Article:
messel Paleontology Photos 

Eocene Fossils: The Mines of Messel

By Steven Spence Gimli: “And they call it a mine. A mine!” Boromir: “This is no mine, it’s a tomb!” (Film: Lord of the Rings) In November 2015, it was my good fortune to tour a special exhibit of never-before-displayed fossils from the shelves of the Hessiches Landesmuseum Darmstadt. The fossils were shown in the Visitor’s Center at the Messel Fossil Pit. Messel is, indeed, a mine and a tomb, but you won’t find the bridge of Khazad-dûm, a Balrog, or the tomb of Durin like in Tolkien’s Middle Earth…

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Deinonychus Paleontology 

Discovering Deinonychus

By David Blagic A dinosaur now known as Deinonychus antirrhopus was discovered by paleontologist J. H. Ostrom in the Cloverly Formation in Montana in 1969. Three sets of Deinonychus remains lay around the partial remains of a Tenontosaurus. This led Ostrom to suggest that Deinonychus was a social animal and a predator, hunting more like modern wolves and lions than like crocodiles and Komodo dragons as previously thought. His claims about Deinonychus being a pack hunter were rejected by most paleontologists then, because they believed that cold-blooded reptiles with relatively…

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mass extinctions Animals Biology Paleontology Videos 

Six Extinctions in Six Minutes: Shelf Life Video

Six (Mass) Extinctions in 440 Million Years     All things must pass. But the idea that a species could go extinct is a relatively new one, first proposed by anatomist Georges Cuvier in a presentation in Paris in 1796 in a lecture on the extinction of the mastodon, then thought by some to still be roaming the ill-explored western reaches of North America.  –American Museum of Natural History Shelf Life is a collection of videos for curious minds—opening doors, pulling out drawers, and taking the lids off some of…

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The Art of Scientific Illustration Paleontology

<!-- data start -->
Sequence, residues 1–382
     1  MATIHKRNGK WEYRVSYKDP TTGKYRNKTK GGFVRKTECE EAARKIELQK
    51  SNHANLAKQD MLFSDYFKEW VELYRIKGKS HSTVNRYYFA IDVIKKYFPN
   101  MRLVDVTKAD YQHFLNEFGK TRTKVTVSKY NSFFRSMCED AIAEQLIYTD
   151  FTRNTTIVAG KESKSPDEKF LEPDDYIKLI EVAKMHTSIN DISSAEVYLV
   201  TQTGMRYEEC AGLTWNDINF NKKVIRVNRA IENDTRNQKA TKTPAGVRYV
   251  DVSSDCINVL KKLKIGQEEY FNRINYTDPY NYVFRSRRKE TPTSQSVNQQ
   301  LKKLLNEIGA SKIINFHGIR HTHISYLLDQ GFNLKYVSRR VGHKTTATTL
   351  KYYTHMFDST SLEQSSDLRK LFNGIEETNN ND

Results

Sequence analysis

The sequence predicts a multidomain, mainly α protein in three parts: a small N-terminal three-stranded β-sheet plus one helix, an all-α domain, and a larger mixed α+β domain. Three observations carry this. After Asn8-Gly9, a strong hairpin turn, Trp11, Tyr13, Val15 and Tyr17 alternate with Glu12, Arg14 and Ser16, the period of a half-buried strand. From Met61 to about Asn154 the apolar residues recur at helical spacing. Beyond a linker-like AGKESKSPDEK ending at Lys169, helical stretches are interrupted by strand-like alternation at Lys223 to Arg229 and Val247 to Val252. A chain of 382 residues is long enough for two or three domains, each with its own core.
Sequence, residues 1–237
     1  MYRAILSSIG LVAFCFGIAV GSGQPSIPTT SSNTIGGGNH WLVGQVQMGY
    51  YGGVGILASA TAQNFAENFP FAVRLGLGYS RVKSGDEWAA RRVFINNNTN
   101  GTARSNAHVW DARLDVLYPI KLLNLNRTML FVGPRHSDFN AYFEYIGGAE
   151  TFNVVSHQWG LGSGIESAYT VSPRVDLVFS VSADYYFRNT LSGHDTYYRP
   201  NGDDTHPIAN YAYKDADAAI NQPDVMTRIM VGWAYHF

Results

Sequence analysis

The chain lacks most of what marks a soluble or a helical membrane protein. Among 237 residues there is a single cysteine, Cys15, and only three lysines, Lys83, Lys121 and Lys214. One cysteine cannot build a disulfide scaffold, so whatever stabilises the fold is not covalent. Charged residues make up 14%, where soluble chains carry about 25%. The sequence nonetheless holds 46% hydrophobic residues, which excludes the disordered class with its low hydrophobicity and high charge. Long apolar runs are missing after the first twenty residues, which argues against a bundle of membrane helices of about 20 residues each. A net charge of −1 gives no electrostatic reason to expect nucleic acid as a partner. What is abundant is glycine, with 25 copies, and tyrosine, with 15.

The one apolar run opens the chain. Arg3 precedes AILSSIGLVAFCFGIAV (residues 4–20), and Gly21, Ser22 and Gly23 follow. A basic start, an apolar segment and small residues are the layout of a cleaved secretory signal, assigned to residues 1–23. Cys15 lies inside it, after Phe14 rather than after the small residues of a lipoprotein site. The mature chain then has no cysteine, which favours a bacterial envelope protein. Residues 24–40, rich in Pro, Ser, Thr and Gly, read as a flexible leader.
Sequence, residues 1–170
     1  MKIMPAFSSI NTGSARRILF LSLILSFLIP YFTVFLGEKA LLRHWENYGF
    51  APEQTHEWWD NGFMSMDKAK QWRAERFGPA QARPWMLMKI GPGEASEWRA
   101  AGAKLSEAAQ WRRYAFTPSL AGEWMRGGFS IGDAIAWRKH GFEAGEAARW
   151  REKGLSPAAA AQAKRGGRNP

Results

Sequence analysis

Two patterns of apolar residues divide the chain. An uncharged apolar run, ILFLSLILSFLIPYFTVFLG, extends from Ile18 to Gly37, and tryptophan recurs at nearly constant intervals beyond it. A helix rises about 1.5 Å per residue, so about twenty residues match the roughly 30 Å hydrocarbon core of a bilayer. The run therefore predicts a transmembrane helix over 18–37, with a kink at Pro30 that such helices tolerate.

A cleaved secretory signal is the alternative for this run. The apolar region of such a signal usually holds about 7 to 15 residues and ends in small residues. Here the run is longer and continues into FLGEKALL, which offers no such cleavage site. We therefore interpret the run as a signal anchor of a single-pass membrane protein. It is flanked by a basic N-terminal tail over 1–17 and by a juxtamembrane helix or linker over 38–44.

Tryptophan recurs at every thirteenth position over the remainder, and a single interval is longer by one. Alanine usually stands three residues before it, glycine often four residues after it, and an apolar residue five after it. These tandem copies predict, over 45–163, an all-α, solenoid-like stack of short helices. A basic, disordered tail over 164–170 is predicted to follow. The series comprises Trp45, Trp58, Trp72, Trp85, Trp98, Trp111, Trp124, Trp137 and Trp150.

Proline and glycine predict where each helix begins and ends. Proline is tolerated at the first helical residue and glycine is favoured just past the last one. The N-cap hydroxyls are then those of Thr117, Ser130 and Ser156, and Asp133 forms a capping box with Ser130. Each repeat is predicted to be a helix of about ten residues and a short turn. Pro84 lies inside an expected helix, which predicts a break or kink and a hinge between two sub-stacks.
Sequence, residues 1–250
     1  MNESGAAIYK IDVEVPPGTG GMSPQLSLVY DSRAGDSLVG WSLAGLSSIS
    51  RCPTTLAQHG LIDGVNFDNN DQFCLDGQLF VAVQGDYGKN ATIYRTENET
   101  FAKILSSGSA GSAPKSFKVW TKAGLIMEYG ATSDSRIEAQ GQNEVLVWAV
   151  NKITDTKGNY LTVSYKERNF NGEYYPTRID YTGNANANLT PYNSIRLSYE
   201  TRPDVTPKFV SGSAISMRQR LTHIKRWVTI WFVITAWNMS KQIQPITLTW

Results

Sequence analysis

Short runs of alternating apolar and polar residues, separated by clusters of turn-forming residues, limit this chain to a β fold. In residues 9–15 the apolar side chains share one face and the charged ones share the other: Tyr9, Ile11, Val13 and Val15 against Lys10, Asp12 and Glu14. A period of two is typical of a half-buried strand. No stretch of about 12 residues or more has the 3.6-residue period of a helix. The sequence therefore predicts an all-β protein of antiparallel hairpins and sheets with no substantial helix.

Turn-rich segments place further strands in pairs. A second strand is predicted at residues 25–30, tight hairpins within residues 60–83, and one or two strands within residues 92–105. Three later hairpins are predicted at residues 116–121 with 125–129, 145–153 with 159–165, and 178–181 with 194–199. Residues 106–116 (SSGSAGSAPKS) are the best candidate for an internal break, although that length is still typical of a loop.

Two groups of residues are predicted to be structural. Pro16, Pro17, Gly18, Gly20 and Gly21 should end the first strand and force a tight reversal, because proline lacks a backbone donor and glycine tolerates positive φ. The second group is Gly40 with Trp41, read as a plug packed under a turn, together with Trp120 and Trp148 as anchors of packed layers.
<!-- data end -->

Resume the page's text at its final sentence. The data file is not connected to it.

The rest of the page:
Discovering Dakotaraptor Steini

By Featured Guest David Blagic David is a young, amateur paleontologist and student of vertebrate paleontology. He lives in Mladenovac, Serbia. At 14 years old, he enjoys writing on the behavior, morphology, phylogeny, and evolution of dinosaurs, particularly Theropods such as Maniraptorans and Carnosaurs. Connect with him on Google Plus or YouTube. Dakotaraptor steini Dakotaraptor steini is a newly discovered species of dromaeosaurid dinosaur. First remains of this species were discovered in 2005, in the Hell Creek Formation, but it has officially been named only this year. Dakotaraptor steini was about 6…

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how snakes lost their legs Animals Paleontology 

How Snakes Lost their Legs

By Kate Stone Long ago, snakes lost their legs. Now, a fresh clue as to how and why has been found deep in an ancient snake’s inner ear.  Leglessness is not what makes a snake a snake. As this article explains, it is the flexible, unhinged jaw that distinguishes a snake from a legless lizard. And yet, developing legs only to lose them may seem like evolution in reverse. A 90 million-year-old snake skull is giving researchers vital clues about how snakes lost their legs as they evolved. Comparisons between…

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The Art of Scientific Illustration Animals Paleontology Science & Art 

Dakotaraptor: Giant Raptor Straight Out of Hell Creek